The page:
At a conference recently, I saw Amy Sherald speak. She is a fabulous African-American portrait painter who is perhaps best known for having painted Michelle Obama’s portrait for the National Portrait Gallery in D.C. I wanted to see her speak because I think her portrait of Mrs. Obama was wonderfully executed, and I happen to be reading Michelle Obama’s autobiography, Becoming, as these things in the universe sometimes align themselves.
Amy Sherald spoke little of working with Michelle Obama and instead spoke mostly about her work as a whole. She spoke of experiences that influenced her, like going on a field trip when she was in 6th grade and seeing Bo Bartlett’s Object Permanence at a local museum. For the first time, she saw a figure with skin color that matched hers that she could relate to in that painting. She saw a mirror.
This is notable. Take a moment to recall an artist you learned about in school or recently saw an exhibition of their work. What was their race? Their gender? Where were they from?
The canon of art history has a dialogue like all histories. This particular history is predominantly white and male. Many artists of color from past centuries lack insignia in their works and thus recognition. Women artists of old rarely gained notoriety because women were not educated and thus trained to be artists. Traditional women’s handicrafts, like weaving, were not considered fine art. In the mid-20th century, Hans Hoffmann noted that one of Lee Krasner’s pieces was “so good you wouldn’t know it was done by a woman.” The dialogue remains relatively traditional.
Looking around at a crowd of thousands who showed up to hear Amy Sherald speak, I couldn’t help but notice the disconnect between her message and the audience. This was an art education conference, and the field of art education is not very diverse. Most people in that audience looked a lot like me, people who can’t possibly imagine what it’s like not to have a mirror. I knew growing up that I could be anything I wanted to be, in part because I saw people who looked like me in just about every profession. I know that still today this is not true for everyone.
Each of our students needs mirrors in the world around them. Artists like Amy Sherald are helping to create those mirrors.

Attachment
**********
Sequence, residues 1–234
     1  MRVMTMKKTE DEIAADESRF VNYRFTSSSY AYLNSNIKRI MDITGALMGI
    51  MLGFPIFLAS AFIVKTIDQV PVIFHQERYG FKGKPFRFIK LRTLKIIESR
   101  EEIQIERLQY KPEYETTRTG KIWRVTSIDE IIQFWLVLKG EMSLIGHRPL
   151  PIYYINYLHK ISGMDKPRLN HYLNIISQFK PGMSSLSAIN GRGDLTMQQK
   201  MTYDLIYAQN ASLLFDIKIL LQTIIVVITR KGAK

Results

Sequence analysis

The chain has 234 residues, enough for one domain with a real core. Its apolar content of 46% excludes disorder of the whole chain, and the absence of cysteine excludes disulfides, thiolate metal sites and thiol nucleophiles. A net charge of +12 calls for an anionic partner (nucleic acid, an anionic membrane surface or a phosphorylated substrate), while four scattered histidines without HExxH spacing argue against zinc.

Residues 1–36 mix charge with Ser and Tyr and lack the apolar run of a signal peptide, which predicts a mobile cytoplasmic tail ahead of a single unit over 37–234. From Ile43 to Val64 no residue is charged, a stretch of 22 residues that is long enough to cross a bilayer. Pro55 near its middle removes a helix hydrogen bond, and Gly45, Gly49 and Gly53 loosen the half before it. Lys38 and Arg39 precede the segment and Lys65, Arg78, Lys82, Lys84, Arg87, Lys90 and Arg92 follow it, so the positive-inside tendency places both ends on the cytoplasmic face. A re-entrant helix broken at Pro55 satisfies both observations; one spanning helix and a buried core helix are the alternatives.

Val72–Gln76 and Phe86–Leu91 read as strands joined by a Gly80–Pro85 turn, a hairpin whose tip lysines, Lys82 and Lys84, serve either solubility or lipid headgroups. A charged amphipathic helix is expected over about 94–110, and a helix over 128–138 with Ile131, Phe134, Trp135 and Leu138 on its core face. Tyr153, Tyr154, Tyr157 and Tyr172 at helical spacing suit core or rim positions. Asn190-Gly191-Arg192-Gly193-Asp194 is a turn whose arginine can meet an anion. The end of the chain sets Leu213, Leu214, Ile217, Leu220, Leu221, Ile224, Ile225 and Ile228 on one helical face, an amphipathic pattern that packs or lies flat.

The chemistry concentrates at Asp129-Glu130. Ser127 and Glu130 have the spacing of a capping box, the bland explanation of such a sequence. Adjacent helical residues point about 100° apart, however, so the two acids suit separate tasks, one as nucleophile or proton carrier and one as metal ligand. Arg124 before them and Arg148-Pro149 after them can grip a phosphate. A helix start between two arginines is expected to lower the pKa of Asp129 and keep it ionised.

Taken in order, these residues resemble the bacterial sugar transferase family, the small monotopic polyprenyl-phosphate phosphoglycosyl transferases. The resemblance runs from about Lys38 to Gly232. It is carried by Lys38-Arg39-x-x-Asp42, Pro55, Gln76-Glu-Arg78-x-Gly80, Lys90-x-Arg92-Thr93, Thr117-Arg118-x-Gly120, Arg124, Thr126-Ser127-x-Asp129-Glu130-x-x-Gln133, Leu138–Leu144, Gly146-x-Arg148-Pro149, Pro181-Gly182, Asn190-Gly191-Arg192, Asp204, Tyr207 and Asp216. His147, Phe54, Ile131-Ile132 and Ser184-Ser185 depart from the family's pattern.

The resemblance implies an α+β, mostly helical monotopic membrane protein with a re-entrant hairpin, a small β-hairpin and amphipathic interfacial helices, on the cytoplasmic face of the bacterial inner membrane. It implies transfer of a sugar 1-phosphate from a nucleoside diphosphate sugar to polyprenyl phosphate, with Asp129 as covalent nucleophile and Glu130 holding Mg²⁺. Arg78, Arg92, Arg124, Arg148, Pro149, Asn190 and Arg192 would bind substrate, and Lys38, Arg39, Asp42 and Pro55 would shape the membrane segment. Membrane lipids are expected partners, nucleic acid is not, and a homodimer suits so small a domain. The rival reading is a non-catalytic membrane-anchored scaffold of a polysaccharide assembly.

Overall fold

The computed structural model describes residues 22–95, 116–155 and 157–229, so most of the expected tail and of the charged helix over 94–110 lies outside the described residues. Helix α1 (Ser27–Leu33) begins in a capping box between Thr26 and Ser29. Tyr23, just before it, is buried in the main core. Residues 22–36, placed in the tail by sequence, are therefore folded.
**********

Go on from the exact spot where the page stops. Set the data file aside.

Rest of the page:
There is an inherent comfort in what we know, but it’s time to break away from our comfort zone. I know of some great artists of color and women artists, but not nearly enough to create a rich multicultural art history curriculum through which our students can all, truly, find a mirror.
I received some great new resources at the conference, but I know that our community is also a great resource. Several of you have shared fabulous artists already, previously unbeknownst to me, for further exploration. So here’s an official call for wonderful and interesting artists that you may know through which our students can find a mirror. Please use this google sheet through May 1 to add an artist that you would like to see possibly taught in the curriculum going forward.
I’m excited about this opportunity for change, even if it is in one classroom in one school. If there is anything that I have taken away from reading Michelle Obama’s autobiography it’s that big change starts small. And then it grows. I look forward to working with you as we start to change the dialogue of art history by helping every student to find a mirror.
Keriann Armusewicz joined the PBS community in 2017, coming to us from Sag Harbor, New York, though her career teaching art has brought her to Singapore, South Korea, and Egypt. She holds a bachelor’s degree in art education from the State University College at Buffalo, from which she graduated magna cum laude, and a master’s degree in art and art education from Teachers College at Columbia University.
- visual art